The days of sit-down lunches have gone way of the dinosaur. Or at least they appear to be numbered when you’ve encountered a food truck like Mei Mei Street Kitchen. This roaming restaurant originally hit Boston’s streets in 2012, serving up a creative fusion of Chinese and American flavors. Owned and operated by three siblings, whose love for food, hospitality and all that is local and sustainable shine through in each recipe, this colorful food truck dishes out a smorgasbord of entirely locally-sourced and in-season menu items based on their personal foodie favorites.

“A lot of the things on our menu evolve from meals that we create for ourselves, either something we’ve made for a family meal or staff meal,” says co-owner, Margaret Li. “We draw from a lot of different sources for menu inspiration, including our Chinese background. We also let seasonal availability of local products dictate a lot of our menu direction. We grew up in a Chinese-American house, but we ate all sorts of different foods.”

Memories of family sitting around the table passing dish after dish back and forth and coming together through food, now directly inspire some of Mei Mei’s standout menu items including the infamous, “Double Awesome.” Two of the sibling-run truck’s childhood favorites – scallion pancakes and runny fried eggs – take precedent on this quesadilla meets crepe style sandwich.

A perfectly grilled scallion pancake comes stuffed with Vermont cheddar cheese, that when layered with local greens pesto, and two slow-poached then fried eggs, oozes and melts in your mouth as you take each bite. Invented during the beginning of the trio’s truck days – when they realized they needed a super quick item to make during a lunch rush – combines some of the staple Chinese-centric foods the Li’s  ate as kids and combines them with food they can’t get enough of, like smooth cheddar.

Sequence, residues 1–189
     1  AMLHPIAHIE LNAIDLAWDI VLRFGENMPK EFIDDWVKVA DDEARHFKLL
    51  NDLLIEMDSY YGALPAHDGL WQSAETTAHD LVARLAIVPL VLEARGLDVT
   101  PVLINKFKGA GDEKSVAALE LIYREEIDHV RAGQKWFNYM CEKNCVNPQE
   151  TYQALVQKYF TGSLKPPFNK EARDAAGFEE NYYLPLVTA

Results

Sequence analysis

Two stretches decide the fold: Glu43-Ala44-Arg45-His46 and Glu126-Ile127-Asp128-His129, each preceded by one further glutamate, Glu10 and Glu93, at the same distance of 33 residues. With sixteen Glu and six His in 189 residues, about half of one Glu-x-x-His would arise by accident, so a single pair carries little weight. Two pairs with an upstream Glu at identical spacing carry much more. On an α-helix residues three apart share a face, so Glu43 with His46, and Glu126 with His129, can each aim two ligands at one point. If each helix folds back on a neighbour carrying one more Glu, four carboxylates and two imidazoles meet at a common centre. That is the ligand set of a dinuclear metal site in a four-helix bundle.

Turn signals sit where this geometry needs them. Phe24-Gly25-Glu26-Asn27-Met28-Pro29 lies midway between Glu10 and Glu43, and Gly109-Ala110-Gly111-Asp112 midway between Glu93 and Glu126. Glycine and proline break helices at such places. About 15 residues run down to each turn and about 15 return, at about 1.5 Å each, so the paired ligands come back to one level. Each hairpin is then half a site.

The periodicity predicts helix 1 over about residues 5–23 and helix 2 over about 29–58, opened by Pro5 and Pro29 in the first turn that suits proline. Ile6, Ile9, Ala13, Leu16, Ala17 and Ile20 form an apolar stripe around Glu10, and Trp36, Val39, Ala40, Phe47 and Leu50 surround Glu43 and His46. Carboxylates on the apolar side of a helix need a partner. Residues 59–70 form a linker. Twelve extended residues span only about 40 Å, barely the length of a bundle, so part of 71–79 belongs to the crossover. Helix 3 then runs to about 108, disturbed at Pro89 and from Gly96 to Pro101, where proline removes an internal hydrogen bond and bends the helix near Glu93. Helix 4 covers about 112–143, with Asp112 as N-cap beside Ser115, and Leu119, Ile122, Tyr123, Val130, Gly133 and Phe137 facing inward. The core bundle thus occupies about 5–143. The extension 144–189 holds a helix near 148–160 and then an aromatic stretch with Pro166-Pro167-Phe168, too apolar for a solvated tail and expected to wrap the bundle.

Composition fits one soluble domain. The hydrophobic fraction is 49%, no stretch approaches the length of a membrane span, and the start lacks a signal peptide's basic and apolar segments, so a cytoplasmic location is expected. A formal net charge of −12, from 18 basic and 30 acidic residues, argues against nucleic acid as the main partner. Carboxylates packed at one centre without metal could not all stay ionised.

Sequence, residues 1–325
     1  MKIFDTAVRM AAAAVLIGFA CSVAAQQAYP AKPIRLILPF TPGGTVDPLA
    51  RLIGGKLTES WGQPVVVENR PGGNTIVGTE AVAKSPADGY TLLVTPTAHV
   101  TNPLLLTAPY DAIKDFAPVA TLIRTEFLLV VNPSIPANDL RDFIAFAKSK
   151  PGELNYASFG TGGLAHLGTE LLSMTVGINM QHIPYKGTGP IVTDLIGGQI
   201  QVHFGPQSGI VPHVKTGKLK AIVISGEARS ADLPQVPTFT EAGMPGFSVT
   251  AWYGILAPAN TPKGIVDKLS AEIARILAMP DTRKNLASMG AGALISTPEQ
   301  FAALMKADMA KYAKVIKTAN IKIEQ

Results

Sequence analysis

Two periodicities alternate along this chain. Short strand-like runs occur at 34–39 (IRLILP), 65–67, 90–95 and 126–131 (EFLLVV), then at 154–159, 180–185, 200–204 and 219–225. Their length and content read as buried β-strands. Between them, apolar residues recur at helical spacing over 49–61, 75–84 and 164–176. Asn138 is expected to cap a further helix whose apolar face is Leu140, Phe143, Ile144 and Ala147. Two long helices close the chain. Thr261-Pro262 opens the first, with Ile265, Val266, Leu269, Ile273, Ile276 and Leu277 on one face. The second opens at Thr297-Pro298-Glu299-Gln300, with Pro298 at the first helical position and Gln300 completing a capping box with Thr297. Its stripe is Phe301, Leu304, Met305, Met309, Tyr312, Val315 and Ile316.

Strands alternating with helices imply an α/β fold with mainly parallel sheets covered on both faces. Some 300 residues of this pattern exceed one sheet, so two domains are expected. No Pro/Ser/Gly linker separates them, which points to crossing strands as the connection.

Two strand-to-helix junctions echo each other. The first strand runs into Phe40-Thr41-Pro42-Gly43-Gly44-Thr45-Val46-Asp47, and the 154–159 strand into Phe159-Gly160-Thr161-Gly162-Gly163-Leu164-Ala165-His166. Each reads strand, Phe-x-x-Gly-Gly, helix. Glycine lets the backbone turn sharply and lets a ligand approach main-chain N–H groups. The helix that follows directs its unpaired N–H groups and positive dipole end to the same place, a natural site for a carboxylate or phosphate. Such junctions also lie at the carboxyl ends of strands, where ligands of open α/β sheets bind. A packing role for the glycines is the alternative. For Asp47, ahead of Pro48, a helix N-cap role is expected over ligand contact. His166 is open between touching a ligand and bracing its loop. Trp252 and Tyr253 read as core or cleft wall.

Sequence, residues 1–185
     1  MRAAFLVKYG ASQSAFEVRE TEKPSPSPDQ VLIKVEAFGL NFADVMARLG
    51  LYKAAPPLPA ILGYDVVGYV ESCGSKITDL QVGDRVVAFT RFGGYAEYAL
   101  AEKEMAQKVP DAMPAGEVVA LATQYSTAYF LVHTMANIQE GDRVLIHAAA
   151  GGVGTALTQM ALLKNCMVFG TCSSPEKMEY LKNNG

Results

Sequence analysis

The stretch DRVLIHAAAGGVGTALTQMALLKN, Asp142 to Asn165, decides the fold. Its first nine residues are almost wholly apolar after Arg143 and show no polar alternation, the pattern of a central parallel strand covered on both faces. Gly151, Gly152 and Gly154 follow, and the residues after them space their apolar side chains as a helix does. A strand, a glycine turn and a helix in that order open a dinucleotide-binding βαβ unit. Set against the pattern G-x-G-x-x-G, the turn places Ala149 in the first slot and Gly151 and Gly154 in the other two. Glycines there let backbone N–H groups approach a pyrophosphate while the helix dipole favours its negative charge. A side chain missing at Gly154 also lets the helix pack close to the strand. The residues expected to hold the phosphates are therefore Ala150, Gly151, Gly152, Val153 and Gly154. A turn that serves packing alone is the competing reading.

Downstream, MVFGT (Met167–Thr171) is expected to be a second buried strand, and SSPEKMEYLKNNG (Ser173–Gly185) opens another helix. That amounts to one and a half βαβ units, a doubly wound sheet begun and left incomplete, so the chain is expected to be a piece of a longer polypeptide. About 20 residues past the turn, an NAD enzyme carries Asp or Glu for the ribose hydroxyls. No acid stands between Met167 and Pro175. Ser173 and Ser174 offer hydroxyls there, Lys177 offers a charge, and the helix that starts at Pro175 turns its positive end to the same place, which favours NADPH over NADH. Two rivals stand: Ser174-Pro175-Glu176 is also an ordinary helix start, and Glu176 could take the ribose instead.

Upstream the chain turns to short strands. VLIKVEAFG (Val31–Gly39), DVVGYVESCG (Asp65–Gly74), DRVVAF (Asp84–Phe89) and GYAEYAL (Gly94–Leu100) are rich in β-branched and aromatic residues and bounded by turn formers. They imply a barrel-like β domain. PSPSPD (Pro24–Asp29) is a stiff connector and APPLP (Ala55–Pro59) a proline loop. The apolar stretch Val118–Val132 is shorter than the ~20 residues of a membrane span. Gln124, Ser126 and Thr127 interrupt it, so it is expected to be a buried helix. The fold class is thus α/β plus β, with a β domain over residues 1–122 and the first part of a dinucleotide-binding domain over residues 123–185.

“We loved scallion pancakes growing up, and we love eggs. The runnier the better in my opinion,” says “Double Awesome” sandwich creator, Margaret Li. “I remember taking a bite and thinking, ‘These poached eggs are awesome!  There’s two, so this sandwich is double awesome.’ And the great thing about the pesto is that we can make it year-round despite seasonal constraints because we work with farmers that sometimes have a crop that’s in surplus. So they’ll be like, ‘Hey you guys we have a bunch of arugula that isn’t necessarily the most beautiful but it’s still delicious,’ and we can use it for our pesto.”

Of course crafting an ever-changing menu based completely on only the most local, fresh, and sustainably raised ingredients can undoubtedly pose a lasting challenge, not to mention continuous culinary creativity, but Mei Mei has found certain ways to make local sourcing work as well for their business as it does for the dedicated farmers they work with.

“A lot of sourcing locally has to do with being flexible and helping our farmers reduce waste or use their surplus crop of something,” says Margaret Li. “We’ve had an inherent passion for sustainable practices and sourcing since we started out. It gives us more flexibility with your menu, meaning we could have one day specials like our “Trotters & Waffles”.  Working with small farms and doing pig butchering on our own, we were able to feature “Trotters & Waffles” on a truck (somewhere you wouldn’t normally see this type of food) because we had a lot of pig’s feet left over. It means we’re being sustainable by using every part of the pig and it makes for a more exciting and inviting food truck menu because you only have these specials that come around once in a while.”

What’s in season at Mei Mei right now? Corn! Directly on the cob; that raw juicy flavor with a slight blowtorch sear.

Check out Mei Mei Street Kitchen’s Twitter and website for daily updates about truck location, and be sure to pop into their only nine-month old brick and mortar location in Audubon Circle only a few blocks from the BU Central T stop.

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